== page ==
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Let’s go to the beach

 An image of Cait Talbot-Landers

Senior lecturer in Primary Education, Cait Talbot-Landers is the founding member of a network of schools and organisations developing beach school education along the Sefton and Fylde coasts. Working alongside Faculty of Education colleagues Dr Bethan Garrett and Louise Hawxwell, Cait has been involved in a research project which could play an instrumental role in the future of beach schools.

Why are Beach Schools important?

We are an island nation with a large coastline and so it is part of every child’s birth right, to know, understand and appreciate our coastline. Effective Beach Schools can support this We are an island nation with a large coastline and so it is part of every child’s birthright, to know, understand and appreciate our coastline. Effective Beach Schools can support this understanding and are very flexible as they can be used to support children’s learning in different ways. Learning on the beach engages and motivates children, enlivening the curriculum as they can learn anything from maths using pebbles, to English by using charcoal to write on driftwood or simply writing in the sand. It’s great for their emotional wellbeing as it awakens their imaginations, as well as providing them with a greater understanding of ecology and instilling them with pride in where they live. Beach Schools provide opportunities for personal and social development, promoting wellbeing and community engagement. Our network is about supporting all teachers to have the confidence and understanding to use the coast with their class. In providing our students with opportunities to undertake some Beach School training we hope for them to be able to support the schools that they go to work in.

What inspired your passion for Beach School?

I have always loved outdoor experience. My career began in Museum education and then I worked at the Waterfowl and Wetland Centre at Martin Mere as an Education Assistant before I undertook a PGCE and became a Primary School Teacher. It was natural for me to use school visits to different settings and environments as part of my everyday practice. I worked in a school where the community was isolated and so our curriculum was designed around ensuring they gained wide experiences. This continued when I worked in the Isle of Man using all the resources on the island including the beaches. I love the coast and all things related to marine life and so I was naturally interested when I heard about Beach School. I undertook the Beach School Practitioner training over the summer, working with students and Isle of Man teachers as part of my Portfolio. The environment was just a wonderful place to teach. I have always preferred teaching in spaces and settings outside a classroom.

 An image of children running on the beach towards the words "Beach School" which are written in the sand.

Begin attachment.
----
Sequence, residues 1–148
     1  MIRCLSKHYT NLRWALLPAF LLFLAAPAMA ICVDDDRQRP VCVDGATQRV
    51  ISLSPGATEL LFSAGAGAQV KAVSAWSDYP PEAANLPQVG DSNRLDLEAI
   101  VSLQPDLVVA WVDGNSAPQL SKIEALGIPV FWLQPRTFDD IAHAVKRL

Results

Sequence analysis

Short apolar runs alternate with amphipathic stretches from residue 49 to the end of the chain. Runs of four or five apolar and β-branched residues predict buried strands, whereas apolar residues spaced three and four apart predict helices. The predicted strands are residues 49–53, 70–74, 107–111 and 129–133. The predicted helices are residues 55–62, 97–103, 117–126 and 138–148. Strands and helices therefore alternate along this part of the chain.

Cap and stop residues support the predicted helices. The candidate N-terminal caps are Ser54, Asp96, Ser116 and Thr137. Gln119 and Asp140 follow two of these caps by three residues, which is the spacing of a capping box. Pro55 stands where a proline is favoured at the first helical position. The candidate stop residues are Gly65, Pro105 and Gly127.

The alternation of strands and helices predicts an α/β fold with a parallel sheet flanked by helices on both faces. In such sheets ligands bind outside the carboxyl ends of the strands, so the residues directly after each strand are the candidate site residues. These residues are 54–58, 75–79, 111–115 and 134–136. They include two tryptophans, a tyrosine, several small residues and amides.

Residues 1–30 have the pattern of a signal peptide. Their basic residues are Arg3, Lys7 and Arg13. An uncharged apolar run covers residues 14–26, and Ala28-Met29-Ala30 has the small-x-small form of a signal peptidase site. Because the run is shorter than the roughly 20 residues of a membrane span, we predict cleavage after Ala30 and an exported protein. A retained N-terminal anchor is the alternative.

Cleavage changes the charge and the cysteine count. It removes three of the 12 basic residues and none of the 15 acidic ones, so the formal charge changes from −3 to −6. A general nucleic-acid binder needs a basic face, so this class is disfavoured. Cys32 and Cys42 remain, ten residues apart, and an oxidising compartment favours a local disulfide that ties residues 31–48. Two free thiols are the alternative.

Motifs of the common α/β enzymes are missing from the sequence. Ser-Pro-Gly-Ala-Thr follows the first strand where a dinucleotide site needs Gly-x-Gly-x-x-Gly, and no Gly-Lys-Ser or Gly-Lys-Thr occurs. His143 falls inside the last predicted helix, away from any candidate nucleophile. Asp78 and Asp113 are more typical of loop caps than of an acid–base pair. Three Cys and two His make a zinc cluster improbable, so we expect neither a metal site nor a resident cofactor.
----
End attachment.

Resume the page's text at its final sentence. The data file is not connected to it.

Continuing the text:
How is the project going in terms of research?

Our project is going well. We now have over 45 schools and educational organisations along the North West coast in our network and we run three training sessions per year on the Sefton and Fylde coast. We have presented our initial research at an International Conference on Action Research, the National Teacher Training Network conference and to the National Outdoor Learning Advisors conference in 2019. We have also presented some of our findings on the BBC North West news. We are also supporting Edge Hill’s Department of Geography and Geology with their research project supporting coastal communities to manage the coastline. There is little actual research evidenced literature on Beach Schools, so we are hoping to significantly add to this.

Why is developing skills in teaching outside of the classroom beneficial to Education and Teaching students?

Teaching outside the classroom is fundamental to learning, it is how humans and all living things have always learnt best, in their natural environment, the real world. We learn from experience, from applying and using our knowledge and skills practically and reflecting upon what we have learnt from it. This is how our understanding develops. Therefore, it is clear that the most effective way that both children and adults learn is from the world they live in. We know from research that learning in natural environments impacts positively on children’s wellbeing, cognitive development, social skills and increases their sense of environmental stewardship and makes them more active citizens. Secondly, we are all aware of climate change and the prognosis that we have approximately 30 years before we tip over the point of no return and so we really do need to be serious about addressing the environment and rebuilding a new positive relationship with the natural world. That starts with our children and the education system.

How is this implemented across their degree?

It is important that we prepare new teachers to feel comfortable and to understand how to plan and use outside sites effectively. That is why we have continued to build in outdoor learning across our education programmes. Across all three years, students receive specific lectures and seminars on key themes of Learning Outside the Classroom and are given opportunities to take part in workshops using the outdoors including sessions on Forest School in Ruff Woods, Beach Schools and visits to the museums and galleries in Liverpool. We embed experiences across different modules so that students understand how to use outdoor learning to develop opportunities across the different subjects within the curriculum. As part of our research projects students are involved in museum education and Beach School, learning about how to effectively use these approaches to support children’s education.

June 10, 2022

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